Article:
Proposal for modifying gnucash to use exact quantities]
Steven Murdoch
sjmurdoch@linuxfan.com
Wed, 26 Jul 2000 18:07:36 +0100
Richard Wackerbarth wrote:
>
> On Tue, 25 Jul 2000, Terry wrote:
> > Actually - yes - the stock are purchased through dividend
re-investment.
> > The dividend is computed to 1/1,000 USD (stock total is carried on
their
> > books to 1/1,000 and the dividend is computed to 1/1,000 USD per
stock
> > unit.) Thus the transaction value in USD is computed to 1/1,000
USD. They
> > then purchase additional stock to 1/1,000 stock at the total value
computed
> > in 1/1,000 USD. The whole transaction is carried out "on the
books", no
> > cash changes hands, but the transaction value is computed to
1/1,000 and
> > that is the smallest unit of the transaction that is accounted for.
Granted
> > if I sold the stock, I would be paid to within 1/100 USD. But the
dividend
> > reinvestment is done to 1/1,000 USD.
> I don't think so. Rather than computing a dividend to the mill and
shares
> from that, I suspect that they either compute "exact" dividend
shares/share
> and round that to milli-shares and then compute the value to the
penny or
> they compute the dividend to the penny and then convert that into
fractional
> shares.
>
> I would be very interested in seeing a real example that contradicts
my
> hypothesis.
I use Gnucash to track my shares, and in the UK shares are quoted in
1/4
of a pence, but in every source I have seen they are listed to 2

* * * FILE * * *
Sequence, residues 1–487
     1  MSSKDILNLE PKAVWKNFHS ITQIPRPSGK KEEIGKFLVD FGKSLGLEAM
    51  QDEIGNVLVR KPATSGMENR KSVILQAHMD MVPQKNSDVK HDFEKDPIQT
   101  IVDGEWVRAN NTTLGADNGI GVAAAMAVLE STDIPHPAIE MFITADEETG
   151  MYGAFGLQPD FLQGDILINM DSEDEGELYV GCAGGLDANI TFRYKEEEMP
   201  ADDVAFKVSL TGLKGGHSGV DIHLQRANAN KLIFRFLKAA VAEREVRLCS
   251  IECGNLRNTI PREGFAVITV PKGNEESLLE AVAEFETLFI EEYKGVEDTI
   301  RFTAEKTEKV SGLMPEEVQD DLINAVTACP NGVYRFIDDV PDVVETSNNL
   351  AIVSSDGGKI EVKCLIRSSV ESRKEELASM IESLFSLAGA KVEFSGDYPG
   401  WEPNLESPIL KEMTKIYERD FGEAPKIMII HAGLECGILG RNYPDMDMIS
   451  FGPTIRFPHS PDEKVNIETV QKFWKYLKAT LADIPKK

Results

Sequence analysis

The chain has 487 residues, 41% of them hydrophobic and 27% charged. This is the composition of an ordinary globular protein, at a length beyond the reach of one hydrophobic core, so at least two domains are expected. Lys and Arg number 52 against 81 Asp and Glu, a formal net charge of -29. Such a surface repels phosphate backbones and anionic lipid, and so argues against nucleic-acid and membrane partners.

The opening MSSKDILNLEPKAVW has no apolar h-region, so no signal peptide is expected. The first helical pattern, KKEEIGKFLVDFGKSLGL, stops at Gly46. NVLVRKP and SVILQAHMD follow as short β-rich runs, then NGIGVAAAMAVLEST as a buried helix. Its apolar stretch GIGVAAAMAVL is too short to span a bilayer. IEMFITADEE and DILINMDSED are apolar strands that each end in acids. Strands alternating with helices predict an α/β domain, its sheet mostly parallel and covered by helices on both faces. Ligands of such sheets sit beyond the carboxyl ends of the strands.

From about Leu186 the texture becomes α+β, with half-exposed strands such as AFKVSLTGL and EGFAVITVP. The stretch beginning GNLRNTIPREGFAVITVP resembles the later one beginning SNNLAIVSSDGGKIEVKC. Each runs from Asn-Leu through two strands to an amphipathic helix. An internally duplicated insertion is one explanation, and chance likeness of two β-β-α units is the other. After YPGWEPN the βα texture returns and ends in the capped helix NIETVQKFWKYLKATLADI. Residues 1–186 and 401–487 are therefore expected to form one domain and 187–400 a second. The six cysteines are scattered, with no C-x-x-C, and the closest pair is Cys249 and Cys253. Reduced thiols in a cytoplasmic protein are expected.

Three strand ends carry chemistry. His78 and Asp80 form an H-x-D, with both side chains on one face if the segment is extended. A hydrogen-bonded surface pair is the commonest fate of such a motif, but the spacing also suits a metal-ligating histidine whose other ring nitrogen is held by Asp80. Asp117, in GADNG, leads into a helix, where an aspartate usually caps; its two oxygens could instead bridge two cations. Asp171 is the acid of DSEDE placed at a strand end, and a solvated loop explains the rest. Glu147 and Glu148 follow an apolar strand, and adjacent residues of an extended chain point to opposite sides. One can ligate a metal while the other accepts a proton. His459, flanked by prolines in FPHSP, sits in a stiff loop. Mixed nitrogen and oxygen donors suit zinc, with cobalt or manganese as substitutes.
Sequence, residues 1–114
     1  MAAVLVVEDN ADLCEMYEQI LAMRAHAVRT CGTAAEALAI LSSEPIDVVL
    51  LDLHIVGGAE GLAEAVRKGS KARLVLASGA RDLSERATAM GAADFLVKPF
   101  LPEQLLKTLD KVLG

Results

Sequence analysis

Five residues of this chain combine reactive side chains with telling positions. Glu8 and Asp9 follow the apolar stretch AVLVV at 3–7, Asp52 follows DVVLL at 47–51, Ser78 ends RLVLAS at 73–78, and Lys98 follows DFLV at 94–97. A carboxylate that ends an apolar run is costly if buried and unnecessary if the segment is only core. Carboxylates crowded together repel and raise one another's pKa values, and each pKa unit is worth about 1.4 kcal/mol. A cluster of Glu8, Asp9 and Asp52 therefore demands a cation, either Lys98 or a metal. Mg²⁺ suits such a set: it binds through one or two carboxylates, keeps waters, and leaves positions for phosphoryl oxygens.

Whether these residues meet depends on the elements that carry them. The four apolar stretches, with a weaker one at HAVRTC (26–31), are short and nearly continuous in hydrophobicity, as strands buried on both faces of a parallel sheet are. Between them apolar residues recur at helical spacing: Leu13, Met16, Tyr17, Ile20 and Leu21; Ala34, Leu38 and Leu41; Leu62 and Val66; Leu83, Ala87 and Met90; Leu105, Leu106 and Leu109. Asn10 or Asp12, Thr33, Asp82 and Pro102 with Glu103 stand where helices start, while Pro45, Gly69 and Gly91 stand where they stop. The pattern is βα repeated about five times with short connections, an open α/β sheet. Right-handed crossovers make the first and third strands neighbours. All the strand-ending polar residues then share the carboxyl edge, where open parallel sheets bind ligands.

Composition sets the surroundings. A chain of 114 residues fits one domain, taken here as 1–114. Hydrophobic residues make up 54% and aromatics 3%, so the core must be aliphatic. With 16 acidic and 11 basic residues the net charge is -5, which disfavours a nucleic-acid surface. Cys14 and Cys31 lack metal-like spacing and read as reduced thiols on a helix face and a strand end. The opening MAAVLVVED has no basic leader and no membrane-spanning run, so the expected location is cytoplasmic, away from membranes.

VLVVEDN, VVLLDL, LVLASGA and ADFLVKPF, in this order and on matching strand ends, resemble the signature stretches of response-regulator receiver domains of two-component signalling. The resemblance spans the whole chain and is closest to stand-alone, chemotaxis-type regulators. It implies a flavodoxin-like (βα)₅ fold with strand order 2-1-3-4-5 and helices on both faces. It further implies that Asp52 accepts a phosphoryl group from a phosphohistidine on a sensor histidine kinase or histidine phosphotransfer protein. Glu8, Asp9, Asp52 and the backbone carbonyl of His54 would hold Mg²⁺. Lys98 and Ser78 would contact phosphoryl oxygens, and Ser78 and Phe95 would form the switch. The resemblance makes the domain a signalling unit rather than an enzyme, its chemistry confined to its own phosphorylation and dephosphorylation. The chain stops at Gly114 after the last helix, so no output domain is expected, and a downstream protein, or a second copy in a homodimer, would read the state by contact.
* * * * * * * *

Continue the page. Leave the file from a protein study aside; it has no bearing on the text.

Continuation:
decimal
places (in pence).
I happen to have a prime number of shares, so I often have fractions
when I am calculating the total worth of my investment. I also have a
share investment fund with the same company which I represent with an
equity account, when I buy shares money is transfered from my dealing
account to the precision of 2 decimal places of a penny (i.e. GBP
1/10,000). For this to be represented with no chance of rounding errors
the quantity of shares should be an integer, price an integer number of
1/10,000 of GBP and value should either be calculated as an integer
numebr of 1/10,000 GBP.
In none of my applications I need rational numbers though, as
everything
can be represented exactly in fixed decimal point notation. The only
case I could forsee this would be if one could buy 1/3 of something or
if prices were quoted as 1/3 of a dollar (or other currency unit).
If rational numbers are indeed not required then the implementation of
the library would be simplified and more importantly the integration
into Gnucash would be easier. This isn't a flame, I am just curious to
see if there are situations in finance where rational numbers are used,
as opposed to fixed decimal point.
--
Steven Murdoch.
email: sjmurdoch@linuxfan.com
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